Israeli minister declares Gunter Grass ‘persona non grata’

Israeli and German politicians weigh in on uproar over Nobel laureate’s poem

Raphael Ahren is the diplomatic correspondent at The Times of Israel.

Interior Minister Eli Yishai (photo credit: Kobi Gideon/Flash90)
Interior Minister Eli Yishai (photo credit: Kobi Gideon/Flash90)

German poet Gunter Grass will be barred from entering Israel, Interior Minister Eli Yishai said Sunday, after the Nobel laureate wrote a controversial poem accusing Israel of threatening world peace.

Yishai said he had declared Grass, 84, a “persona non grata.” The minister used a law allowing the Interior Ministry to bar entry to former Nazis.

Grass served in the SS at the end of WWII.

“Grass’s poems are attempts to incite hatred towards the state and the people of Israel, and in doing so, promotes the ideology to which he gave expression when he wore the SS uniform,” said Yishai in a statement. “If he wants to carry on dispersing his warped and hateful works, I propose that he does so in Iran, where they will have a favorable audience.”

The furor began last week with the publication of Grass’ poem, which chastises Israel for “threatening world peace” and seeking to “annihilate” the Iranian nation. The poem asserts that it is Israel, and not Iran, that threatens world peace with its nuclear program.

The poem has elicited emotional responses in Israel and Germany, with much of the criticism making note of Grass’ SS service.

Israel’s foreign minister, Avigdor Lieberman, weighed in Sunday. “In order to get publicity and sell a few books, he is willing to once again sacrifice the Jews,” Lieberman told reporters.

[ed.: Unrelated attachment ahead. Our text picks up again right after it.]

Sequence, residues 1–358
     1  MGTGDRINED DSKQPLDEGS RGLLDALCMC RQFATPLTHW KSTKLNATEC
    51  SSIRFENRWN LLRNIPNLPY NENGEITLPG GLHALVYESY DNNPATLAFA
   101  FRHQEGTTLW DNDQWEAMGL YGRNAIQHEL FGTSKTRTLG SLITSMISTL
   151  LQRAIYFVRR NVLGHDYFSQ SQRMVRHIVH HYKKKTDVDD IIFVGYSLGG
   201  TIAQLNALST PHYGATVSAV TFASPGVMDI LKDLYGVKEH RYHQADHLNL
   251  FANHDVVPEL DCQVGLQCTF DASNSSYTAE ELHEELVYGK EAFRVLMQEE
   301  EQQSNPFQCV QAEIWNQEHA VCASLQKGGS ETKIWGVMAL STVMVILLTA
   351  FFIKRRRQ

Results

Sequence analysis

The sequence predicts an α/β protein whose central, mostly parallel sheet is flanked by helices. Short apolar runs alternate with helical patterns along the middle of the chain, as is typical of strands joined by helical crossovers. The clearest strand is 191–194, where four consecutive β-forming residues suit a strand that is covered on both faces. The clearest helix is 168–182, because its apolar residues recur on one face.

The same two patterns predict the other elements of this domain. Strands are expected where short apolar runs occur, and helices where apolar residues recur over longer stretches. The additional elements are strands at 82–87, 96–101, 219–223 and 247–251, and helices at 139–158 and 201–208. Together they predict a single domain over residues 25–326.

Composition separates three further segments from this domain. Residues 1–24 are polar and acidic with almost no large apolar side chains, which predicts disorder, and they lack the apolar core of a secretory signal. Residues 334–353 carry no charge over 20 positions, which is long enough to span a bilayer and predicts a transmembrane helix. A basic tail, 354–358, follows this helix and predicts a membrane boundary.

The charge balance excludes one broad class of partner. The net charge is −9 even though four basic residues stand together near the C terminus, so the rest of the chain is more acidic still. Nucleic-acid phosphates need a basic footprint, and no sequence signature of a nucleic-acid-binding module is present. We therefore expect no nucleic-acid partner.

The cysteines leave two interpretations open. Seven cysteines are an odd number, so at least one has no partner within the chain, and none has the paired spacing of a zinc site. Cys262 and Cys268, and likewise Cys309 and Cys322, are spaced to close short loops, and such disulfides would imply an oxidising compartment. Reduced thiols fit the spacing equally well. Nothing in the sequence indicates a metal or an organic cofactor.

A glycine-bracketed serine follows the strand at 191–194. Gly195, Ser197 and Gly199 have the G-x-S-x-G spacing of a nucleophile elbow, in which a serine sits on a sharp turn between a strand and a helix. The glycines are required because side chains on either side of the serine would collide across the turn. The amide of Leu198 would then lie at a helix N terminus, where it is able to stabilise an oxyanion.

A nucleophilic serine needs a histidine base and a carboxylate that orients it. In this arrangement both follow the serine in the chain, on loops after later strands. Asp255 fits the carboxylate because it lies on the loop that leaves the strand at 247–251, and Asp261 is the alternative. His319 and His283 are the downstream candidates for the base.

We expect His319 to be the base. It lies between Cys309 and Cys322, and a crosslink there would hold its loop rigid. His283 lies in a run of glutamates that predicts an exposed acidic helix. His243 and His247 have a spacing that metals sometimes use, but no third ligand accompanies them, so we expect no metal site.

Germany’s Foreign Minister also spoke out.

“To morally equate Israel and Iran isn’t witty, it’s absurd,” Guido Westerwelle wrote in the Bild am Sonntag newspaper on Sunday.

“Despite international criticism, Iran is advancing its nuclear program. There are credible reports that point to a military dimension. In contradiction to international law, Iran refuses to cooperate regarding control of its nuclear program. Let it be said to those who don’t want to recognize that: This is not a playground for polemics, ideology and prejudices – this is dead serious,” the German foreign minister wrote.

Whoever marginalizes the danger posed by a nuclear-armed Iran is refusing to see reality, he added.

“Nuclear weapons in Iranian hands would be a threat to Israel’s security. For our responsible German foreign policy this is reason for special concern, because Germany has a historic responsibility for the people in Israel,” he wrote.

While participants in traditional Easter processions on German streets this weekend, known as “peace processions,” expressed support for Grass, many political and cultural figures have slammed the author, accusing him of distorting the facts and of anti-Semitic tendencies.

Germany’s most famous literary critic, Marcel Reich-Ranciki, called the poem “disgusting.”

“Iran wants to exterminate Israel, the President [Mahmoud Ahmadinejad] announces that again and again, and Gunter Grass writes the opposite,” Reich-Ranicki, who is Jewish, told the Frankfurter Allgemeine Sonntagszeitung.

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